The RPGs of the SNES era were remembered for a lot of different things. Some were remembered for being able to innovate and push the medium forward with the most of the latest technology. Others were able to take the ideas of the previous generations and execute them to the fullest. Lufia II falls into the latter category. It is a relatively simple game that takes basic ideas and executes them to the highest standard possible.
The Role You Play
Your main character is Maxim: a warrior from a small town drawn to battle his entire life. He is an overall well-balanced character whocan fight with swords and magic.
He is joined by several other characters, including his childhood friend Tia, another fighter named Guy and a spell-wielding knight captain named Selan.
Maxim makes a routine of regularly defeating monsters. One day, he is visited by a strange woman named Iris who tells him that he is destined to save the world from the Sinistrals. They have the power to bring destruction to the world and it is up to him to stop it.
Maxim, with the help of others he meets along the way, travels across the world assisting the towns and gathering the strength and equipment he needs to rid the world of the four Sinistrals who threaten the safety of the world.
The gameplay is a bit varied. The combat is made up mostly of turn-based combat where each character takes turns fighting off enemies.
The other main component is the adventure aspect, where you have to explore the dungeons and solve puzzles along the way. There are usually a lot of new types of mechanics introduced in each new dungeon utilized as a puzzle. You also regularly get a new item to use to help you explore, such as arrows, bombs and a grappling hook.
The puzzles and combat are varied enough that they can avoid feeling repetitive, but that feeling doesn’t last forever. The game has a formula of visit town, learn about a problem, finish the dungeon, unlock a new area, rinse and repeat. It’s fine for a while, but it gets old. If Lufia II had been shorter, it wouldn’t have been a problem, but since it takes about 20 hours to finish, it overstays its welcome quite a bit.
The soundtrack in Lufia II goes the extra mile to convey the tone of its settings. There is a feeling of unease in the caves and a feeling of comfort in the towns. The battle themes also ramp up in intensity as you face more difficult enemies. There is a regular battle theme that is what you would expect from a typical RPG battle theme. Then there is the Boss theme which escalates in intensity. Then there is the Sinistrals theme which escalates even further and is still one of my personal favorites.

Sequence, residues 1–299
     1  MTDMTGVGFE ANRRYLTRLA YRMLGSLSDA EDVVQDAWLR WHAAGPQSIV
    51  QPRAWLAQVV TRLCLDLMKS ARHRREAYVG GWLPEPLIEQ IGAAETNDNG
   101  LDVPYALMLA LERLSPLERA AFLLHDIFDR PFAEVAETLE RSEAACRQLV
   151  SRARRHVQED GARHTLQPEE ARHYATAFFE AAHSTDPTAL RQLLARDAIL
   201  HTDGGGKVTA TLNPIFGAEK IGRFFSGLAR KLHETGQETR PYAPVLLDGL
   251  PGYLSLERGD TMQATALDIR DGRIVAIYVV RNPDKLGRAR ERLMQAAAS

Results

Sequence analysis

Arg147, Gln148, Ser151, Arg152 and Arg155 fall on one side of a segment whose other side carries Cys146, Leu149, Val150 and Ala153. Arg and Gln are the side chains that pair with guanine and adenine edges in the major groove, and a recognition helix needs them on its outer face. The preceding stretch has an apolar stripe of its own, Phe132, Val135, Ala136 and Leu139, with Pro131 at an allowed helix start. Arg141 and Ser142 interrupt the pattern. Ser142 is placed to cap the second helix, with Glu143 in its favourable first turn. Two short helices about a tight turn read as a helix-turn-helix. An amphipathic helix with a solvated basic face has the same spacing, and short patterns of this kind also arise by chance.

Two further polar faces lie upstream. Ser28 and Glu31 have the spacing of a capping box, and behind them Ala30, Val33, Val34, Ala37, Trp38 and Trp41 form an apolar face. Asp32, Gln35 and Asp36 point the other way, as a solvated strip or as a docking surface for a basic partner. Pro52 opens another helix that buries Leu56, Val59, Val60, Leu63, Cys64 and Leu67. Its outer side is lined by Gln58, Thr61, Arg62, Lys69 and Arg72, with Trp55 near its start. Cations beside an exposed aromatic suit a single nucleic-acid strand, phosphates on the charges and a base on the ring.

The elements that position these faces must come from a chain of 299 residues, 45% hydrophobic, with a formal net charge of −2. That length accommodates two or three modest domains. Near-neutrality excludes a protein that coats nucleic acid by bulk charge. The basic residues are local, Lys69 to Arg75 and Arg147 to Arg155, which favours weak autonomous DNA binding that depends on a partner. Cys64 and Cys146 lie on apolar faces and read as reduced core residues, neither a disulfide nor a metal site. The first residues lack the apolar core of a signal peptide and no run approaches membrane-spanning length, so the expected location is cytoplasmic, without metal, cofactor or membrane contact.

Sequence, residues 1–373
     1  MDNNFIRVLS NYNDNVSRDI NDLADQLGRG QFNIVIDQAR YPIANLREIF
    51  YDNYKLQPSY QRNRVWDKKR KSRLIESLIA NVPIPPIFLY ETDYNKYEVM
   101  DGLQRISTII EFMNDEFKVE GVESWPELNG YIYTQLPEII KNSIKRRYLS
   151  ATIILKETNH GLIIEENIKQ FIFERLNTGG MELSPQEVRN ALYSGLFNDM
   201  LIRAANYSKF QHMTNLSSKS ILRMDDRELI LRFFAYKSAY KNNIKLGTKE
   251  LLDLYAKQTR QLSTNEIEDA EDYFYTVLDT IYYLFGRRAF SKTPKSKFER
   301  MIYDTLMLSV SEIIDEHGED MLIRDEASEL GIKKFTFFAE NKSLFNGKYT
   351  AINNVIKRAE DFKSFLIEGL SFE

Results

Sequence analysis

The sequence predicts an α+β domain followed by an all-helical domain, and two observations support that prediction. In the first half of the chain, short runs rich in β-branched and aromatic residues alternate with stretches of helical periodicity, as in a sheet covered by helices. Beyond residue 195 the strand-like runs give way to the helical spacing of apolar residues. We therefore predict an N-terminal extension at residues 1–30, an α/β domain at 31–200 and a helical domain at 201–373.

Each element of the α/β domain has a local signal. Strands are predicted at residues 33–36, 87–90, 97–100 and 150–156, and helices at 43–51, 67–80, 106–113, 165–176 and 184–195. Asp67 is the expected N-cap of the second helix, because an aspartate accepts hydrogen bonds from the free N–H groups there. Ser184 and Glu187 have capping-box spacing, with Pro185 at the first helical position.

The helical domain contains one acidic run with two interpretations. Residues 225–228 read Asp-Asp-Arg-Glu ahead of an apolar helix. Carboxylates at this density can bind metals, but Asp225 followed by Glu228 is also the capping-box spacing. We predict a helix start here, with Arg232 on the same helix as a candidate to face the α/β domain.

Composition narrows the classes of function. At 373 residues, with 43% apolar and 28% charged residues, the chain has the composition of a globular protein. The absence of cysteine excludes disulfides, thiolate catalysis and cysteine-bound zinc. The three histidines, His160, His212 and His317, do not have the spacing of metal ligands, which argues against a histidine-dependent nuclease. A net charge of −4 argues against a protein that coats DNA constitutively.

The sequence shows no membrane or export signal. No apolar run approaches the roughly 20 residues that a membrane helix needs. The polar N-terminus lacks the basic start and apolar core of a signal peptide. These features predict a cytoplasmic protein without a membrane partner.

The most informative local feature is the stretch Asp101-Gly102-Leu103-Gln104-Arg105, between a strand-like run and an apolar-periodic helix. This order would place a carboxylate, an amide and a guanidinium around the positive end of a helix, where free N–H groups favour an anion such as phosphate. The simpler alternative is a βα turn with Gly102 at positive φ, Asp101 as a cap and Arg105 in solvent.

Lufia II has one of the best side quests in any game ever made: The Ancient cave. It turns the entire game of Lufia into a procedurally-generated roguelike. In today’s gaming market, a sidequest like this could have been its own DLC pack or even its own separate game, but here it was just presented as an ordinary sidequest and stands out as one of the best in any game the Super Nintendo had to offer.
The Talking Parts
The dialogue in Lufia 2 is nothing special. It does little more than move the story forward and it barely gets that right. A lot of it feels mistranslated or like the tone is just off. Several scenes that feel like they are supposed to have emotional weight are just spoken text with nothing else to help carry any emotion behind it.
This problem extends to the in-game text as well. Not only are there a lot of weird translations for enemy names, but there are also a lot of text-related issues in the menu screens where the names of equipment can blur together and combine the names of two items into one.
Z…We’ve Reached the End. Anything Else?
Despite the bizarre title, Lufia II is actually the first game in the series and it sets the events of the first game in motion. Because of this, it had to go in a rather dark direction and it doesn’t hold anything back. Two of the main characters get married and have a child who ends up being the main protagonist of the second game. This is not something you often saw, but it was a necessary step to set up the events of the next game and it was interesting to see.
If there was any game I would recommend to up-and-coming RPG developers, it would be Lufia II. It does a lot with very little in terms of textures and assets, but it was made by passionate people. It stands out for being a fun and interesting game and its best qualities rise far above its peers.